AHA Guidelines For Diet And Exercise For A Healthier Heart!
The best weapons that you have at your disposal for fighting the risk of cardiovascular disease, is eating a healthy diet and exercising. The American Heart Association (AHA) provides certain recommendations for making lifestyle changes that will have a positive impact on your heart health. Following these AHA guidelines today, will give you the best chance of living a healthy tomorrow.
-Heart Healthy Diet
When considering the value of your diet, it is always better to approach it with quality in mind rather than quantity. It doesn’t matter how much food you put into your body, your failure to consume the right foods deprives your body of many of the essential minerals and nutrients that it needs. Eating the wrong foods can lead to many problems such as obesity, diabetes, heart disease, the increased risk of stroke, and many more.
The AHA provides guidelines of what a heart healthy diet consists of. Nutrient-rich foods are powerhouses for protein, vitamins, nutrients, minerals, and whole grains, yet they are lower in calories that other foods. If you’ve been eating an unhealthy diet for some time, it’s likely that you are carrying at least some extra weight as a result. Choosing to make a diet change now will help you to lower your weight, improve your blood pressure, and lower your cholesterol.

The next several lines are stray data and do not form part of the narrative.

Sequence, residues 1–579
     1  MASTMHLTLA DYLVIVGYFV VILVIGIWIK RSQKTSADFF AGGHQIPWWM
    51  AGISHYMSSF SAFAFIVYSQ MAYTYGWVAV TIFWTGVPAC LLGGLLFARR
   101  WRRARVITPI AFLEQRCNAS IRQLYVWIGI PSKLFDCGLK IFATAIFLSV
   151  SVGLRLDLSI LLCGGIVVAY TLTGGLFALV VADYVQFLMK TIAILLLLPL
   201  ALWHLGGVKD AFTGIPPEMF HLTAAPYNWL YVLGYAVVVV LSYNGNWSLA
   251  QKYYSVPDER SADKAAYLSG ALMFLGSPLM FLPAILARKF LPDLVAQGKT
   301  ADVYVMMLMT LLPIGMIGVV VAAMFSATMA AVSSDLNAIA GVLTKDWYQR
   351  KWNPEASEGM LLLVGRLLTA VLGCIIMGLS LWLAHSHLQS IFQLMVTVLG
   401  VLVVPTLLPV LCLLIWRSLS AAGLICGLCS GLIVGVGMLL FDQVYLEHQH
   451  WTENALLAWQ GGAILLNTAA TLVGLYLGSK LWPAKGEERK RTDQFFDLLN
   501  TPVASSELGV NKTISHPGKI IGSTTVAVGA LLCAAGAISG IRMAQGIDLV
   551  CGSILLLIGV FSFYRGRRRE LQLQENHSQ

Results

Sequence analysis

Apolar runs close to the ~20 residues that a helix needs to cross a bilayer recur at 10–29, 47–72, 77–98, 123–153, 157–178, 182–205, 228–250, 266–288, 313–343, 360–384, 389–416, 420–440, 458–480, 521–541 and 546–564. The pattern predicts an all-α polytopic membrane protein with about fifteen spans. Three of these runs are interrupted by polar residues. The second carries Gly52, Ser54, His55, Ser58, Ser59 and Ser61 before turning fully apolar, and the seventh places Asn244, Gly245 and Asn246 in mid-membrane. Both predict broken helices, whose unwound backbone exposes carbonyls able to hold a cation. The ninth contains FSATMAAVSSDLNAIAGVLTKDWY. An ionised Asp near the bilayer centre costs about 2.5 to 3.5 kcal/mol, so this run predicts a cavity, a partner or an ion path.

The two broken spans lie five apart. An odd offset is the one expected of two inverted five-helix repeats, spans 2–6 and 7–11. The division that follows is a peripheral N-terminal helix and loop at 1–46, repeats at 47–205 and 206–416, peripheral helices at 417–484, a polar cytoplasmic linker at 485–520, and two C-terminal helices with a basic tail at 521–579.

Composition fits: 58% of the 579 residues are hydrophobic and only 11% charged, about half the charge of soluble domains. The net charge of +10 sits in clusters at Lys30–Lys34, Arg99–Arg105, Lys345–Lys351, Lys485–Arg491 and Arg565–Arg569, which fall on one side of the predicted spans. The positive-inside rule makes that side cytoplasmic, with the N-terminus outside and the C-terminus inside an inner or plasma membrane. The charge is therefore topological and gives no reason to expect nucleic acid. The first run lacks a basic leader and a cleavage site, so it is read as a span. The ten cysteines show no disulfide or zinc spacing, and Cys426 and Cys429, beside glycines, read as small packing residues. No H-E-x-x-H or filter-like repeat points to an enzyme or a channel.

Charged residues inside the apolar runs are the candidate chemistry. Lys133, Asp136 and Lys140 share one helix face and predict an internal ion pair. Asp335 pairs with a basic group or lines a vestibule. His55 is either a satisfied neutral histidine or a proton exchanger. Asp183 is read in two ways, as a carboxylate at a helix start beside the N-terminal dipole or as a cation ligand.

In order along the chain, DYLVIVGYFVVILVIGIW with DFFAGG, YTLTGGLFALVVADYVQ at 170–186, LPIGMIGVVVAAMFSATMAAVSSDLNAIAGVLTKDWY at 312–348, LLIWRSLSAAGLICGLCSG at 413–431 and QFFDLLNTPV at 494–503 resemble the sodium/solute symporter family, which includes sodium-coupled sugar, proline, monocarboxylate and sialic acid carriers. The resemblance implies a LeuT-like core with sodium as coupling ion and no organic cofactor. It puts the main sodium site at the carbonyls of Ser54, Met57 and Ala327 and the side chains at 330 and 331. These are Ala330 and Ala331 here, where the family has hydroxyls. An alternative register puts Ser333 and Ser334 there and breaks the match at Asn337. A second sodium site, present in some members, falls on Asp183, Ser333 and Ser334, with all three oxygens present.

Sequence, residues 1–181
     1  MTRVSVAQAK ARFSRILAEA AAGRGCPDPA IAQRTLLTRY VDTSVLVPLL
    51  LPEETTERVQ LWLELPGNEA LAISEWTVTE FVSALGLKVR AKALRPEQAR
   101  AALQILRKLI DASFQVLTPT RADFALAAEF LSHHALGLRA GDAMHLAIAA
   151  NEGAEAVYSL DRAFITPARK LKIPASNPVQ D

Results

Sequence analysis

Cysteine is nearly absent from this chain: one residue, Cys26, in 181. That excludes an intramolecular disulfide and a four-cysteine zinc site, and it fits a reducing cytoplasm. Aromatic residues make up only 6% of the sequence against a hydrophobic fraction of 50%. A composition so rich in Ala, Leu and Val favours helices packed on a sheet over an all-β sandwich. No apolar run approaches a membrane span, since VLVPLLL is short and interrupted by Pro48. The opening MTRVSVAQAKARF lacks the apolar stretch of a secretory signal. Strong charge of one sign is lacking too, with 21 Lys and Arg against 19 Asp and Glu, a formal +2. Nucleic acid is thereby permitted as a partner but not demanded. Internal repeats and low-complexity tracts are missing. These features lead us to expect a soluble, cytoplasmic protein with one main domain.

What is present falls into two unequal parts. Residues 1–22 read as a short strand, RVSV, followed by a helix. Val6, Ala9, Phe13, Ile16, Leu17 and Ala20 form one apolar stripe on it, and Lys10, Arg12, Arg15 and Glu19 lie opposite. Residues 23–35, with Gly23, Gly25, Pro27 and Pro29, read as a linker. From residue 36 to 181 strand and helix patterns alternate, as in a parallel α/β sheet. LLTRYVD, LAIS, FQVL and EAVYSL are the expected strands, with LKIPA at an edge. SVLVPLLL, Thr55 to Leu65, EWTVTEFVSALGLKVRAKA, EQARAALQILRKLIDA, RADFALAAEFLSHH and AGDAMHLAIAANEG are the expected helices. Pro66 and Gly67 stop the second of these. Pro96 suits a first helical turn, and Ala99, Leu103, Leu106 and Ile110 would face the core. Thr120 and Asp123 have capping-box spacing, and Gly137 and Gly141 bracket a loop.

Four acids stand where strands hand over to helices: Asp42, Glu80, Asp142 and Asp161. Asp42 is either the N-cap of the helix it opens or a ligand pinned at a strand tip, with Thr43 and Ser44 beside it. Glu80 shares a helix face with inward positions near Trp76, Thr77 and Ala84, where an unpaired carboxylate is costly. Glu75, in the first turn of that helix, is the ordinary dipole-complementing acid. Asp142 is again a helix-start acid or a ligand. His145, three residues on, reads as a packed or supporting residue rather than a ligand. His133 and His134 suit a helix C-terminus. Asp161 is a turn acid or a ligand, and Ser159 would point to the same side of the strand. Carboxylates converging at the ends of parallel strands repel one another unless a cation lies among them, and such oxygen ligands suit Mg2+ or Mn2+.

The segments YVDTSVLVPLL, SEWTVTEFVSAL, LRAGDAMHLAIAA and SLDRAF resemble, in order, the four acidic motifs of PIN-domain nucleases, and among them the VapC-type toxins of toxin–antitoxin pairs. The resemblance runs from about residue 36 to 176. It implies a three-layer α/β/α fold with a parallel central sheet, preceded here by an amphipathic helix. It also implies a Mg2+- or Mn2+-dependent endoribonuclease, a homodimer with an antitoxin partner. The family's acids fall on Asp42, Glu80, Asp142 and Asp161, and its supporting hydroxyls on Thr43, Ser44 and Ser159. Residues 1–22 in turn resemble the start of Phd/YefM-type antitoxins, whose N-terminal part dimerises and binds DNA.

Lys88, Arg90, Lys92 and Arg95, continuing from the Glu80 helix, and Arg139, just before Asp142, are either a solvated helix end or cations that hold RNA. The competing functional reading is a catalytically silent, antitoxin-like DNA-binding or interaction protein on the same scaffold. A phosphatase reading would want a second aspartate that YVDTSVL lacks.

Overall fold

Eat a wide range of fruits and vegetables, legumes and nuts, dairy products that are low-fat, skinless poultry,skinless fish, whole grains, and vegetable oils (non-tropical only). The AHA recommends that you limit your intake of red meat, trans fat, saturated fat, sugar-laden foods and drinks, and sodium.
-Heart-strengthening Physical Activity
Becoming more physically active is one of the best ways that you can strength your heart, prevent stroke and heart disease, and improve the overall health of your cardiovascular system. One of the simplest changes that you can make is to choose to walk more. Walk to the store rather than drive, or walk up the stairs rather than riding the elevator. It’s free, enjoyable, social, and a great form of exercise. Because it is so easy to commit to and do, it is also easy to stick with it.
The AHA recommends that you get a minimum of 150 minutes of moderate exercise. Or 75 minutes of more vigorous exercise, each week. That amounts to about 30 minutes per day for five days of the week, a fairly easy target to achieve. Focus on exercises that build the strength and endurance of the body, like walking, running, swimming, playing sports, and climbing stairs. Increase this goal to 40 minutes of moderate, to more intense, exercise 3-4 days per week, if you need to reduce your blood pressure or cholesterol.
There are always those people who complain that they won’t enjoy making a radical change to their diet or that they don’t have time to exercise. Everyone has to start somewhere, so if nothing else. Start small. That’s the beauty of the AHA guidelines, they are adaptable for your individual circumstances, and provide a reference for making positive changes for your heart health.